Torontonians in the winter months must brave everything from frigid temperatures to ice storms and loss of hydro. For many, summer sports such as baseball couldn’t be further from their minds (even though Spring Training is less than a mere 50 days away). But for a select few Blue Jays fans (45 to be exact), on January 9th, 2014 they donned their baseball gear and took to the field at Rogers Centre, having the rare opportunity to interact with baseball greats such as Pat Tabler, Jesse Barfield, Lloyd Moseby, and the most decorated Blue Jays player, Roberto Alomar.
The special occasion? Another successful fundraising effort by the Jays Care Foundation, WINTER TRAINING DAY.
The official charitable arm of the Blue Jays was the 2012 recipient of the MLB Commissioner’s Award for Philanthropic Excellence, as well as the 2013 recipient of the Beyond Sport Sports Team of the Year Award. The mission of the organization is to focus energy and resources toward community-based endeavours that develop baseball programs and help children in need to excel academically, get active, and lead healthy lives. To date, Jays Care has invested over $8.2 million in Canadian children and communities. This Winter Training Day raised over $38,000! Continue reading →
Tom Maloney at the Globe and Mail wrote a very interesting and enlightening article yesterday, in which he takes a very business oriented look at the challenges facing the Blue Jays this off-season (hat tip to @TaoofStieb for linking it). Upon reading the piece, I got into a bit of a Twitter discussion with @Stivbators and @ericviola_ about just what implications it might have for the team in 2014.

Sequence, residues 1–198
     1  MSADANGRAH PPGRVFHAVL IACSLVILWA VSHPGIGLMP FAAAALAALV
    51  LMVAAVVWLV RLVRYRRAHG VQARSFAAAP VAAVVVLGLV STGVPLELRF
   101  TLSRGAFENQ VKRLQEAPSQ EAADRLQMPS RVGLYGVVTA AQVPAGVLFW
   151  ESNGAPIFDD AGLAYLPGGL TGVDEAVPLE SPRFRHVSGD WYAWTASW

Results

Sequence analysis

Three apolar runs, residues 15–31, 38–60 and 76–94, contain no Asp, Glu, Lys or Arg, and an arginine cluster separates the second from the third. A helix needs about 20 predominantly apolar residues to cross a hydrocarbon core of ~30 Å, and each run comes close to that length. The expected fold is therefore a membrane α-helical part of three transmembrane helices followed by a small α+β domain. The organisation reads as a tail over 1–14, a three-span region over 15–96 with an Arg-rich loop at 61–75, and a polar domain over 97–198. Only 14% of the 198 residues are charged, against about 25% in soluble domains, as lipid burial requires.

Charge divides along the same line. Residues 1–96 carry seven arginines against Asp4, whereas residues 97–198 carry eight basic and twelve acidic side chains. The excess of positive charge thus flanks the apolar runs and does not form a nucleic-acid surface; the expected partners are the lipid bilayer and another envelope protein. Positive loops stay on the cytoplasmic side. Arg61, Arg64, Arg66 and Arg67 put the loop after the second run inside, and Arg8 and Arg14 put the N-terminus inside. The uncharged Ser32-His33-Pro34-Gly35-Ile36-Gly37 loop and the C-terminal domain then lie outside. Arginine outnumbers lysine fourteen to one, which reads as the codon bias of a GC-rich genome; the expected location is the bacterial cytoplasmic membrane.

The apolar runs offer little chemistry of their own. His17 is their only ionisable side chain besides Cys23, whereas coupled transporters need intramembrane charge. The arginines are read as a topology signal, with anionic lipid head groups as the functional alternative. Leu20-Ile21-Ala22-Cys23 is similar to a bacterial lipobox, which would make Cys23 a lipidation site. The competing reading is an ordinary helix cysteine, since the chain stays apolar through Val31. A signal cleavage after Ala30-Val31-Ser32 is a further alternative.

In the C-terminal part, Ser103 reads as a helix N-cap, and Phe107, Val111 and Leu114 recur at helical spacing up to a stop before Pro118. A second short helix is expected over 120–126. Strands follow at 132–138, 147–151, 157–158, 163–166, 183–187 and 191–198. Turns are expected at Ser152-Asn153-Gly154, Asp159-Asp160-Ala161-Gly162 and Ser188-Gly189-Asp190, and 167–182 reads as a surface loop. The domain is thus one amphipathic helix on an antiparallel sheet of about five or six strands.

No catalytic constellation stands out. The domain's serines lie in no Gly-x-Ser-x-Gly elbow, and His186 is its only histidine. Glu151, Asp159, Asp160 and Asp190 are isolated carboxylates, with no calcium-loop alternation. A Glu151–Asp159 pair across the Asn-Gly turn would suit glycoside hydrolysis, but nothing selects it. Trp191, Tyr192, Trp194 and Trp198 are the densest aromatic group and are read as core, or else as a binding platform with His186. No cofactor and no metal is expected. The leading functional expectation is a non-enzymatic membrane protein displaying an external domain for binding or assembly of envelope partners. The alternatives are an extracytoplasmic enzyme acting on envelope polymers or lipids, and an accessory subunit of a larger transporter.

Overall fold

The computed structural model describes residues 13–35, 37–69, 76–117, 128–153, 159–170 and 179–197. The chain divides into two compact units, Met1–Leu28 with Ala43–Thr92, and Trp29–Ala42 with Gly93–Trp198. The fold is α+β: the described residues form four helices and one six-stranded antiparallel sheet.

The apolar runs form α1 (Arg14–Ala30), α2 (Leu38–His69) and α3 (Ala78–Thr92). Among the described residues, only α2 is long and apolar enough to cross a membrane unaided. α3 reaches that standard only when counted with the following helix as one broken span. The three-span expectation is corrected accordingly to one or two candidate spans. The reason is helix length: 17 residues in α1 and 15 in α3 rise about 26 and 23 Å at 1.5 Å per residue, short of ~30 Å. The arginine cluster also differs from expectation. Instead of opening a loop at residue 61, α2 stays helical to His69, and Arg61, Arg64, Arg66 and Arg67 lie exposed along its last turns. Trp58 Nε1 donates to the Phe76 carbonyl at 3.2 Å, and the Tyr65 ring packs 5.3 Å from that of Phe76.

There’s a lot of comfort that can be taken from the article, as Rogers Media president Keith Pelley is quoted as saying a lot of the right things about being committed to the Blue Jays as an investment in content for their various media platforms.
This makes a lot of sense, as in the age of PVRs and cable cutters, live sports is one of the few types of content that still makes for reliable appointment viewing and the advertising revenue that goes along with it. Pelley and Rogers have obviously come around to the realization that a winning ball club is a much better investment than a losing one, and that has been reflected in the massive jump in payroll last off-season.
What I found less comforting, and the nugget which was the center of our little Twitter round table, was the line from Maloney that reads “observers expect the Jays to seek ownership’s approval on a payroll increase of $20-million to $25-million – up from about $127.8-million (U.S.) this year – without raising ticket prices.” Continue reading →